Lions legend Karras dies at age 77
In an era when NFL interior defensive linemen typically are 300-pound-plus gargantuans, Alex Karras, whose weight hovered in the 250-pound range during his 12 seasons with the Detroit Lions, might be considered out of place. There was little, though, either physically or emotionally, that was undersized about Karras, who died Wednesday in Santa Monica, Calf., after a brief bout with kidney failure.
"He was a giant of a man with a big heart, a great sense of humor, and very grounded outlook on life," recalled actor Emmanuel Lewis, who played the role of Karras' munchkin-sized adoptive son, Webster, on the 1980s television sitcom of the same name. "He might have towered over you . . . but he had a knack of being able get down to your level without being small about it."
Karras was 77. In addition to the kidney failure, he also suffered from cancer, and was diagnosed several years ago with dementia. He was among the more than 2,000 former NFL players who have filed lawsuits against the league for what they feel was inadequate treatment of head injuries. Karras was part of a class that sued the NFL earlier this year in U.S. District Court in Philadelphia.
After being hospitalized for the kidney condition, Karras, at his request, was moved to his home last weekend, where he received hospice care.
A three-time All-Pro, Karras played for the Lions from 1958-62 and 1964-70, and was the club's first-round choice, the 10th player selected overall in the '58 draft. The Iowa product appeared in 161 games at a time when tackle totals were infamously subjective and sacks were not yet a league-recognized statistic, and so, other than the 16 fumble recoveries and four interceptions for which Karras is credited, there is scant numerical information with which to quantify his football career. Karras was good enough, however, to earn Pro Bowl honors four times, and to have been named to the NFL's All-Decade team for the 1960s. As a collegian, he won the prestigious Outland Trophy, awarded to the country's premier interior lineman, in 1957. That same year, Karras was the Heisman Trophy runner-up.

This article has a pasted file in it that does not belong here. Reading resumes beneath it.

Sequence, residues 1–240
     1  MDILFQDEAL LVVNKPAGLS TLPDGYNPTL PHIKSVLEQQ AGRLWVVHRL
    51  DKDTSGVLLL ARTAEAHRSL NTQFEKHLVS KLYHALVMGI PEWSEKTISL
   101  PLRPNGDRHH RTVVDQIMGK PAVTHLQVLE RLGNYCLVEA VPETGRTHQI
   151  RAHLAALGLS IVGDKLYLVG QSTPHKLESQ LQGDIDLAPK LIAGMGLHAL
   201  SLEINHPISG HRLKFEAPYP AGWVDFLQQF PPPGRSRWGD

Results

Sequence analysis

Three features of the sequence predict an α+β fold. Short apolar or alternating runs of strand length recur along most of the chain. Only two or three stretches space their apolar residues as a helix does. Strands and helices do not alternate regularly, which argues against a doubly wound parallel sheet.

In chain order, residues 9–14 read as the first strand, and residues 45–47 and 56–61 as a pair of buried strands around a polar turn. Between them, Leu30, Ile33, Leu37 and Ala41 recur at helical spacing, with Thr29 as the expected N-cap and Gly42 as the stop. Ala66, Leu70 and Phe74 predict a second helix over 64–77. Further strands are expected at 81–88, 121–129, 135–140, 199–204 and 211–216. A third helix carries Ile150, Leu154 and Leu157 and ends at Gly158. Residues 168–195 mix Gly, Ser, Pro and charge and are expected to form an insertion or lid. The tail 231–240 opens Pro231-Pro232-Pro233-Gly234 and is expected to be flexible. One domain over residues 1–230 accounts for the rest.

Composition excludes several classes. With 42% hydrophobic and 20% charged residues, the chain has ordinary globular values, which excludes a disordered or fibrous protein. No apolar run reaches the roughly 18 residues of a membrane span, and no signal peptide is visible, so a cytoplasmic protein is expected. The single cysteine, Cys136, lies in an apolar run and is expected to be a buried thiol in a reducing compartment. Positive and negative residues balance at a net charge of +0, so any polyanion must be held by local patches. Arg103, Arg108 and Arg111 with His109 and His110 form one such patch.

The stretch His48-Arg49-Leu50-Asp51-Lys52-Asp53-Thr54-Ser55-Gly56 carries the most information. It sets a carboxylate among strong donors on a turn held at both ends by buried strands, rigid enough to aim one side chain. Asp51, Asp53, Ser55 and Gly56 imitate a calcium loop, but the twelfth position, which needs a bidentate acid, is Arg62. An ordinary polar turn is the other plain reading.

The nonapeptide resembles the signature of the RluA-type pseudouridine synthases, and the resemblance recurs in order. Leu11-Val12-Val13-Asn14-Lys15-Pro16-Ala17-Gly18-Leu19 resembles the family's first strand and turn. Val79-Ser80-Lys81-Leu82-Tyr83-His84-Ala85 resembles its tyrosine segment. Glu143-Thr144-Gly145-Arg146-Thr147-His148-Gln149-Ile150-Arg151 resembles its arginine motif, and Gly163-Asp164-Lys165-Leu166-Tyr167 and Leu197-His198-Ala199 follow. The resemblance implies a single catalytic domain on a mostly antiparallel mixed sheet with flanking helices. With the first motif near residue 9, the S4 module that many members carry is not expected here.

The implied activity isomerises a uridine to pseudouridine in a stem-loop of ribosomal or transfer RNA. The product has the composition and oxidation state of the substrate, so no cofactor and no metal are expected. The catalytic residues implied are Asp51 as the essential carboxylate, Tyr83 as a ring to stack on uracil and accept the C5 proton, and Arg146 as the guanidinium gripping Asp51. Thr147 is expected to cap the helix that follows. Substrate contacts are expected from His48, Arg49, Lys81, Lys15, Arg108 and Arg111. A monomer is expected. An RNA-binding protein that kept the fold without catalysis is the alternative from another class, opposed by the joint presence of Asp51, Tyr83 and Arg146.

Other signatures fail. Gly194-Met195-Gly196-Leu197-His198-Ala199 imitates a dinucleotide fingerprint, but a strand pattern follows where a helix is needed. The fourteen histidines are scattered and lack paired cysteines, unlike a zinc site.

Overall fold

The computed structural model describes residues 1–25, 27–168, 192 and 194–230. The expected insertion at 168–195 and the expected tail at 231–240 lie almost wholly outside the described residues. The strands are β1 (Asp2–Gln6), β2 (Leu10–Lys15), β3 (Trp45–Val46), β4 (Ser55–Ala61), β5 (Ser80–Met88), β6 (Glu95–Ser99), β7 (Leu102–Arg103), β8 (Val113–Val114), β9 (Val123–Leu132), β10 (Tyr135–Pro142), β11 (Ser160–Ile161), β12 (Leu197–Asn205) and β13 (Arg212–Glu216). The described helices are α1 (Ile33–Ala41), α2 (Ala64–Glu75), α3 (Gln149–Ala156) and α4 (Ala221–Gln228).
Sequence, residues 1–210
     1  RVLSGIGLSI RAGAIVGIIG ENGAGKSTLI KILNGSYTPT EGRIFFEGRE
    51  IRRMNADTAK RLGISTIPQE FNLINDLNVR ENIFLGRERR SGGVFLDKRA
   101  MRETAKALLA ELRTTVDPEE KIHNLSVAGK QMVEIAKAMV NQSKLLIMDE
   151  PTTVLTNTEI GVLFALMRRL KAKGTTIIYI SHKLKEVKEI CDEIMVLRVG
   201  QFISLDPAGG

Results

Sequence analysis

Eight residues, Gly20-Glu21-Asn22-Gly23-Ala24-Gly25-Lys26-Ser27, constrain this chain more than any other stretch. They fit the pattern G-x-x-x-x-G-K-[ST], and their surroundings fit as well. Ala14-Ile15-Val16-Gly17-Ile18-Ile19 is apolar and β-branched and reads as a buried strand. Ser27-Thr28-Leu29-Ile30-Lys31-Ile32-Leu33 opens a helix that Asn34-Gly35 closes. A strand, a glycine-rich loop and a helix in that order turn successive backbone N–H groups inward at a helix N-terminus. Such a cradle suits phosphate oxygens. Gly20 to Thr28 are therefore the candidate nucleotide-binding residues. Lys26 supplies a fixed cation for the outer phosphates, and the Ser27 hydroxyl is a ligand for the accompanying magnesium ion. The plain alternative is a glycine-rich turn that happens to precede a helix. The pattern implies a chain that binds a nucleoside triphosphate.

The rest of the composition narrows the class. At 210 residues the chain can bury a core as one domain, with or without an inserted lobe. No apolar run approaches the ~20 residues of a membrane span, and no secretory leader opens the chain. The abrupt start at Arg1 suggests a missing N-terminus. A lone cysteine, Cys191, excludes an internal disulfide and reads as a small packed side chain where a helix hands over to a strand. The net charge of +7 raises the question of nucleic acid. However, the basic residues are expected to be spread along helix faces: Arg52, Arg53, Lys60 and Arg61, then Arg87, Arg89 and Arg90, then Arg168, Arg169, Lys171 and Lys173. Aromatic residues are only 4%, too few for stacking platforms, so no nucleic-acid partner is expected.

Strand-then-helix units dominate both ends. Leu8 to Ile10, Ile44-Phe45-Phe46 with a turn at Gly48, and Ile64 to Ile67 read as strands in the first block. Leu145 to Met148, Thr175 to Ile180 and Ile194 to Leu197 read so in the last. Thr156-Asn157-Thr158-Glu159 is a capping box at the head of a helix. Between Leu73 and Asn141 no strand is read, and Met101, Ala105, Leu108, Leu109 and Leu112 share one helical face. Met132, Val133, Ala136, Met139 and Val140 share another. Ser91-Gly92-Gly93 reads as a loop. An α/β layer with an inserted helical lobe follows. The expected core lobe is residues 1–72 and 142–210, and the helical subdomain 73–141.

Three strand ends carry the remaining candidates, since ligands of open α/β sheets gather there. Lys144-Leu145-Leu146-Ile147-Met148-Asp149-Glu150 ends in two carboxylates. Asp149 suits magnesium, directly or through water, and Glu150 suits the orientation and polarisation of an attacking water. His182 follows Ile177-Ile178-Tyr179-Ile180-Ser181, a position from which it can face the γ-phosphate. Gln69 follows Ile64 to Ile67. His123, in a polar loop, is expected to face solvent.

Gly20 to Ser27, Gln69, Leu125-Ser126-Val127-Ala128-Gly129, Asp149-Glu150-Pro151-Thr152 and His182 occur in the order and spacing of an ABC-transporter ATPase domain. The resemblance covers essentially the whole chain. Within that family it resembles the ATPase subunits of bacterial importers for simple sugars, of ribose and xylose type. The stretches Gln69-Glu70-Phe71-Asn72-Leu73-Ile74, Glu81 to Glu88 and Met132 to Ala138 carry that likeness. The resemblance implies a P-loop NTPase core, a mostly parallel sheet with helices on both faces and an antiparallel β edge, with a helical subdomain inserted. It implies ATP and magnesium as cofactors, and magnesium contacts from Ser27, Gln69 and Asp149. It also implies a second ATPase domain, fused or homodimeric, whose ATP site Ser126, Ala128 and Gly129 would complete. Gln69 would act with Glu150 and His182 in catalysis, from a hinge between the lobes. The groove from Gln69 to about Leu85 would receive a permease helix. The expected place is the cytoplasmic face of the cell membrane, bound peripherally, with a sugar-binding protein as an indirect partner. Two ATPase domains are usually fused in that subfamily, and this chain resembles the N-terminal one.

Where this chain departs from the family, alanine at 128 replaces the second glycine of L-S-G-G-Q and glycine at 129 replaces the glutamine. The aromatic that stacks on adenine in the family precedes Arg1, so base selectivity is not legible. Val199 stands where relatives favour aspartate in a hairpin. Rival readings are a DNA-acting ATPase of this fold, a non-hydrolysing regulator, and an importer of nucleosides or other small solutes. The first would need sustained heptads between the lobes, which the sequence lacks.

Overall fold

His contribution to the NFL went well beyond statistics. It would be hyperbole to suggest that Karras reshaped the game. But he almost certainly helped to rewrite the manual for playing a tackle position that was fairly nondescript at the time.
"He was such a strong player, dominant at times, one of the (men) who really raised the importance of the (defensive) tackle position," said former Detroit teammate and Hall of Fame middle linebacker Joe Schmidt. "He took the position beyond the 'grunt guy' level who just played the inside run. But even with all the Pro Bowls and stuff, Alex probably still was underrated. A great player, though, really."
Despite the sham nature generally associated with professional wrestling, Karras credited the ring sport, in which he participated twice during his football career, for improving his quickness and leverage.
Acknowledged former Green Bay guard Jerry Kramer, whose battles with Karras formed one of the NFL's most profiled "trench" rivalries of the era, a few years ago: "Alex did things that tackles of that time weren't supposed to be able to do. He was a load. But he was a load who made a lot of plays. Alex was really a handful."
Kramer offered that Karras and Hall of Famer Merlin Olsen were the best tackles against whom he played in the NFL.